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Star Wars: The New Jedi Order: Vector Prime Mass Market Paperback – Sep 7 2004


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Product Details

  • Mass Market Paperback: 416 pages
  • Publisher: Del Rey (Sept. 7 2004)
  • Language: English
  • ISBN-10: 0345479335
  • ISBN-13: 978-0345479334
  • Product Dimensions: 17.7 x 10.7 x 3 cm
  • Shipping Weight: 204 g
  • Average Customer Review: 3.5 out of 5 stars  See all reviews (380 customer reviews)
  • Amazon Bestsellers Rank: #2,815,354 in Books (See Top 100 in Books)

Product Description

From Amazon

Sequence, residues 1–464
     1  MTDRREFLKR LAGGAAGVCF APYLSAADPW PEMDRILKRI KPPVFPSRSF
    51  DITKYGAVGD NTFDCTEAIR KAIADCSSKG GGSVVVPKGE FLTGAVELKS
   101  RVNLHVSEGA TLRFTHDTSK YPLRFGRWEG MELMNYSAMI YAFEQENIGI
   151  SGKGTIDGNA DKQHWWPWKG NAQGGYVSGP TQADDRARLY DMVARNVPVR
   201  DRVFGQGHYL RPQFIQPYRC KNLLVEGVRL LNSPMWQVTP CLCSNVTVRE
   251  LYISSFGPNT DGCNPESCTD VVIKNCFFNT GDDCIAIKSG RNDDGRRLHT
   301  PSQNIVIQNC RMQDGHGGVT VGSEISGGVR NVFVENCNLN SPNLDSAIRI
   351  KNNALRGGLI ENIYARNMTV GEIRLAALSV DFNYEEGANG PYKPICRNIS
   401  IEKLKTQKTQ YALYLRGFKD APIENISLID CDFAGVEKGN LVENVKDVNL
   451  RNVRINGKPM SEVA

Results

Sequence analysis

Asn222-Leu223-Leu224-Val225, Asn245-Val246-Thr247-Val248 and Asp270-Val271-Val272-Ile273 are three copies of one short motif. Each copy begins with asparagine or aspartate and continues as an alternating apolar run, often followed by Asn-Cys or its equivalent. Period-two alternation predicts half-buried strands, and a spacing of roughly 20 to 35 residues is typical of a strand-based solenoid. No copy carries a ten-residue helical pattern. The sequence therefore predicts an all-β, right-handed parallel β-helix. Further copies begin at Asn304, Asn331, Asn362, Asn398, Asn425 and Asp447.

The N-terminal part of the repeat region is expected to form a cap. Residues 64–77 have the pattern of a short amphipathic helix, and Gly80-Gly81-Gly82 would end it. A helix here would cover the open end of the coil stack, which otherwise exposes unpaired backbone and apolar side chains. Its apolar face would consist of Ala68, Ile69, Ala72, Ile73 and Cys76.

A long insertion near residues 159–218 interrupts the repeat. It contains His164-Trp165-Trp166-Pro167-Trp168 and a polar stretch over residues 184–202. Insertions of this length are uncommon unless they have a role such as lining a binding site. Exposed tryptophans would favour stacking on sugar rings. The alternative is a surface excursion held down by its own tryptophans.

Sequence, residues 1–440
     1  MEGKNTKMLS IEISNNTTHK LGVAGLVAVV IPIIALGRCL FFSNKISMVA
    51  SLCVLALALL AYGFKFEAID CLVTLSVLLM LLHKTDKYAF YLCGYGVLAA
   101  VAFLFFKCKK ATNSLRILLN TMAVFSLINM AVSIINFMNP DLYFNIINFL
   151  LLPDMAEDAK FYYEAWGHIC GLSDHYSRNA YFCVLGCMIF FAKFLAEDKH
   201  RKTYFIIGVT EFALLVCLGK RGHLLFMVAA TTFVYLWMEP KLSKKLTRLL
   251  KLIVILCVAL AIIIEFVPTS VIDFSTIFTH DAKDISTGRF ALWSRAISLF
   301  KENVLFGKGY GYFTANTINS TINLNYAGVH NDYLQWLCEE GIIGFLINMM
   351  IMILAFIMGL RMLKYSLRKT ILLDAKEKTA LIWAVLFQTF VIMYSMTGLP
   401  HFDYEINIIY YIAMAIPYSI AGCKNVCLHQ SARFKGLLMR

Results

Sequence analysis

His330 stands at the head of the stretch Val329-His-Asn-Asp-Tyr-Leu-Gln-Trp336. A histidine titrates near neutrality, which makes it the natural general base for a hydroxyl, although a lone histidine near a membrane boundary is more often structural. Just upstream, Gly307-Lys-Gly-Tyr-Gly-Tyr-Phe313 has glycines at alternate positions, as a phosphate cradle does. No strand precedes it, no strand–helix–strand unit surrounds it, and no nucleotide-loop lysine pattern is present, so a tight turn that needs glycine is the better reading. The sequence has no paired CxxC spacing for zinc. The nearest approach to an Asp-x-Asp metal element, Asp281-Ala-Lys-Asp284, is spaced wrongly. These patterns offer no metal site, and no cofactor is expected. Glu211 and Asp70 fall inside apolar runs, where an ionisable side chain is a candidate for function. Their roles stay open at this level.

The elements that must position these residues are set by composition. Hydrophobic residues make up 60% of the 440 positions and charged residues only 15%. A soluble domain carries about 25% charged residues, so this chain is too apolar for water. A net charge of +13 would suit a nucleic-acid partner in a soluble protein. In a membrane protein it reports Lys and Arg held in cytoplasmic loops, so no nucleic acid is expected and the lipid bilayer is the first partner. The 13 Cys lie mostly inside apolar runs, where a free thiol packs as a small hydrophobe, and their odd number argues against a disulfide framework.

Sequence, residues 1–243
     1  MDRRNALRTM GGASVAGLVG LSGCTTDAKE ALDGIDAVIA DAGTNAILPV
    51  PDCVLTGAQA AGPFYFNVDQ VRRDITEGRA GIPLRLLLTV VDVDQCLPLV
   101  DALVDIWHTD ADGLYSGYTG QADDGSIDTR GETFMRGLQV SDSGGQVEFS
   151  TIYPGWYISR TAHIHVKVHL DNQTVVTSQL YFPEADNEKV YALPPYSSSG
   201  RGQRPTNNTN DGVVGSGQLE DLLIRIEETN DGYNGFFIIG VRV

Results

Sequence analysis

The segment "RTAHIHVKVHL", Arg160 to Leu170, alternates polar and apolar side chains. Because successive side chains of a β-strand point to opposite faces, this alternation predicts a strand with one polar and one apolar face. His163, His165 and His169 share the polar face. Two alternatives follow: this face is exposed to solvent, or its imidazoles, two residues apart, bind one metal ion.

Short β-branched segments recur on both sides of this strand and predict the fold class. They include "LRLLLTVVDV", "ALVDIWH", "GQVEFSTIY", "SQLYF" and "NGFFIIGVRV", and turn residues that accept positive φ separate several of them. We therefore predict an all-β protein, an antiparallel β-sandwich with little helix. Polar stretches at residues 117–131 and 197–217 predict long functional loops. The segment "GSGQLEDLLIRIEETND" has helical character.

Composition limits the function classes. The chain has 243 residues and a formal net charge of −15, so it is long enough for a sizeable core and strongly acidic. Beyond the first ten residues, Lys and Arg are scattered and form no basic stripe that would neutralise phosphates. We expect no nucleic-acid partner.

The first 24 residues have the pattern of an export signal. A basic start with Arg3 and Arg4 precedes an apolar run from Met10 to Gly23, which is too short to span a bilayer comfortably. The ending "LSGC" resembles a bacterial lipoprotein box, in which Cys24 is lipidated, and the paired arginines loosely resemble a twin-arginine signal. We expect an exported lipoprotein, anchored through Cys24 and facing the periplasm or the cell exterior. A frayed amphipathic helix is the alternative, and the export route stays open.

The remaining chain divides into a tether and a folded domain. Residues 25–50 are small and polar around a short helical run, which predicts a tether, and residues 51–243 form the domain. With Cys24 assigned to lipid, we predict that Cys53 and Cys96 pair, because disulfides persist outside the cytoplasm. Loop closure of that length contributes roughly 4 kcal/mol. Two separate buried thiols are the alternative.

Fifty-seven years have passed since the events of Phantom Menace, 25 since A New Hope, and 21 since the Empire's final defeat over Endor. The still-fragile New Republic, rocked by internal conflict, now faces a potentially overwhelming challenge from beyond the known galaxy: the Yuuzhan Vong, a sinister race of warriors using highly advanced (and creepy) organic "devices" and vehicles, whose immense strength and technological edge lets them fight toe to toe with Jedi. And who better to flesh out these powerful and malevolent aliens, so dismissive and disdainful of humanity, than R.A. Salvatore, the author who almost single-handedly popularized Dungeons and Dragons' equally awful bad guys, the Drow, with his Drizzt Do'Urden books.